BY Adrienne Stanley | Nov 08, 2015 08:14 AM EST
On November 6, Subway Cinema and The Korea Society ushed in the Opening Night at the Museum of the Moving Picture in Astoria.
Actress Go Ah Sung (Heard it from the Grapevine, Snowpiercer) and director Hong Won Chan (The Chaser) were present for the Opening Night screening of the psychological thriller, "Office," which kicked off the 13th New York Korean Film Festival.
"Office" is a chilling film, set within the sterile halls of a Korean office building, populated by ruthless salarymen and women who are struggling to maintain their place within the heirarchy.
Bae Seong Woo is Manager Kim, a hapless member of middle management who entertains dreams of advancement. When he is fired, he goes home and slaughters his entire family, before returning to the workplace.
Go Ah Sung is Lee Mi Rae, a country bumpkin intern, who wants to assimilate into the fast-paced life of Seoul office work. When news of Manager Kim reaches Mi Rae, it sets her onto a course where she is plagued by thoughts of extracting revenge against the full-time employees that make her life miserable and contributed to the downfall of Manager Kim.
"Office" marks the directorial debut of Hong Won Chan, whose previous work is based extensively in adaptations of real-life crimes.
The screening was followed by a conversation with the talented actress and the director. Samuel Jamier, the executive director of Subway Cinema, served as the moderator the question and answer session.
“When I first received the screenplay, I was worried after first, because I knew that it wouldn’t be an easy role and that it would be taxing,” said Go. “As an actor, I felt like it would be great to play such a three-dimensional character. After seeing that, I didn’t hesitate in saying yes.”
Go was then questioned about her motivation for the role and whether she visited local Korean offices to learn more about workplace culture. Jamier referenced a common practice in Hollywood filmmaking where method actors find build their characters on the basis of real-life events or people.
“I was actually really lucky,” said Go. “Around the time I started working on this project, all my friends from college were interning at some place or another. So, as an actor, it was great to have my friend’s points about the characters. I would go to their offices and make copies or do whatever interns do.”
She mused on whether her ability to briefly work within an office actually served as a basis for her portrayal of Mi Rye.
“But I don’t know if that’s what actually helped me figure out how to the find the character because, it wasn’t really much about the appearance or the outside factors of what she did,” said Go. “I think it was more about delving through sense of inferiority and her sense of low self esteem. So I think the focus on that was more helpful.”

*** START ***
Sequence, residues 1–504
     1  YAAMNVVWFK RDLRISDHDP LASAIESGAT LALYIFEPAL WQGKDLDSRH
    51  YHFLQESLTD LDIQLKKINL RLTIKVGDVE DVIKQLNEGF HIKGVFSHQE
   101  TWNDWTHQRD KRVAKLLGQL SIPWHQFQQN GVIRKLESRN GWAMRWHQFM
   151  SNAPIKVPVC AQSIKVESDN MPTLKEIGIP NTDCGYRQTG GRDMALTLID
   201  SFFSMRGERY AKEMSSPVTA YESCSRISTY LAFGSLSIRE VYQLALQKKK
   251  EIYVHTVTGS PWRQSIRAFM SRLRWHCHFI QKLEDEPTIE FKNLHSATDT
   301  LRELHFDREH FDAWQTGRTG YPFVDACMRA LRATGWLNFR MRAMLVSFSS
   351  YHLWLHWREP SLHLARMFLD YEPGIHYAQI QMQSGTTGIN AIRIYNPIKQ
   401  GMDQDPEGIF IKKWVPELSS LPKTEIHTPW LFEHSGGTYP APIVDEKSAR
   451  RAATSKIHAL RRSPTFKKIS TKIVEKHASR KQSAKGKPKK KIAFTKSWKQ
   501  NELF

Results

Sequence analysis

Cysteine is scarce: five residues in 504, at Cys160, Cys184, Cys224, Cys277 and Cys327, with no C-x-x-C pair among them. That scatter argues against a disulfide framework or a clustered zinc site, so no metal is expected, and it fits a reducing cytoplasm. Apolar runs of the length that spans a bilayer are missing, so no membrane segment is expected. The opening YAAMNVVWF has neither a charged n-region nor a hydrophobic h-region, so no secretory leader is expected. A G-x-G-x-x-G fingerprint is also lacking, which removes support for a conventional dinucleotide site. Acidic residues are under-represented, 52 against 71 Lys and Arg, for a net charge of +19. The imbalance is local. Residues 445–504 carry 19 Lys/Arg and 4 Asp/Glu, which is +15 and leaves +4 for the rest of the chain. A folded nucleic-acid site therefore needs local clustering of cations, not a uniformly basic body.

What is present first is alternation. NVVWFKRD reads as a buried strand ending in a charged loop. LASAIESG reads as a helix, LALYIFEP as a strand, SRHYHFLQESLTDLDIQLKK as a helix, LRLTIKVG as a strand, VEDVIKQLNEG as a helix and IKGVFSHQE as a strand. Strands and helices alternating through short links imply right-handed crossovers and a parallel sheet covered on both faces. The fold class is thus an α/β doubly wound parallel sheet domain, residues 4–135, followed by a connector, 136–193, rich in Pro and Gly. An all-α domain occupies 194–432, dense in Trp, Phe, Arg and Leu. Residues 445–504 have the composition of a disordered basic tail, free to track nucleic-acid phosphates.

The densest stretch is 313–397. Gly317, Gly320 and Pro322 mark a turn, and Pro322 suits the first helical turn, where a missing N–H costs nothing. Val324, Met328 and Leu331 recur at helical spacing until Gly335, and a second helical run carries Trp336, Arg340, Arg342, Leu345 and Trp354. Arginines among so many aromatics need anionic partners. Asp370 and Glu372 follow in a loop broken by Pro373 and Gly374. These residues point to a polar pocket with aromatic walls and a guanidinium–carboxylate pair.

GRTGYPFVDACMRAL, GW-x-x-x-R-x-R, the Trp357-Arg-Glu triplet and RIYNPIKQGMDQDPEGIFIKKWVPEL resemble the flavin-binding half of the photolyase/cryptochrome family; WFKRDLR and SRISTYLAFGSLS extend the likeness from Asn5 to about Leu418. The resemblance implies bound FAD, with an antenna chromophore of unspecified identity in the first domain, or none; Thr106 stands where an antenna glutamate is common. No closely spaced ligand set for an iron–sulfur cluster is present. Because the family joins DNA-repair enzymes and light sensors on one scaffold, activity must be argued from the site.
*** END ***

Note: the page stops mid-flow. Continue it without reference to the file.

Director Hong was asked about the origin of the name Mi Rae, which means future in Korean.
“There it was a bit of an intentional thing [in the naming of Mi Rae],” said Go. “The producer, who also wrote the original screenplay, told me that she named the intern Mi Rae with that intention in mind. I did think that the name had more significance, afterwards.”
Hong previously worked on adaptations of true crimes with credits including, “The Chaser.” Jamier asked Hong what aspects of crime interested him and why he made his directorial debut through a film like, “Office,” which many consider to be more of a horror movie than thriller.
“I’ve always been a fan of the crime genre, whether it is when I read novels or watch films, that’s the genre that I tend to lean towards,” said Hong. “I think crime is always an attractive subject when it comes to film because you are really able to investigate human nature and what goes on, psychologically, behind a person’s mind. Particularly, how someone would imagine a crime. I think that has been something important throughout my creative process.”
Few Korean movies feature a powerful female protagonist. “Office” is a set within the male dominated realm of a sales team, whose self worth is determined by their ability to meet unrealistic goals. Go weighed in on portraying a woman who is seemingly powerless, but who develops her own method of control.
“I’ve never really thought about the discrepancy between female driven or male driven films, in Korea,” said Go. “But while I was making ‘Office,’ I realized that it is hard for an actress like me to be in a leading role. So, that’s when I really felt that. When it comes to filmmaking, I felt that it’s important not to make that distinction between how female or male driven films have been released. I feel like not making that distinction is sometimes more important, if you actually want to see a change with this.”
The Opening Night ceremony concluded with questions from the audience, followed by a reception, where Director Hong and Go interacted with attendees.
The 13th New York Korean Film Festival will continue through Tuesday, November 11, 2015. Screenings are held at the Museum of the Moving Picture in Astoria, Queens.
In addition to the screenings, the guests of the festival, including Go Ah Sung and director Ryoo Seung Wan, will be present for Korean Filmmakers Night on Monday, November 9 at 6 p.m. at the Korea Society.
Ticketing information and showtimes for the 13th New York Korean Film Festival can be found through the official website of the event.
Adrienne Stanley is a contributing editor at KDramaStars. She is also a contributing music writer at KpopStarz, MTV Iggy and other publications. When she is not listening to "Rhythm Ta," she can be found on Twitter. (@retrogirladdy).
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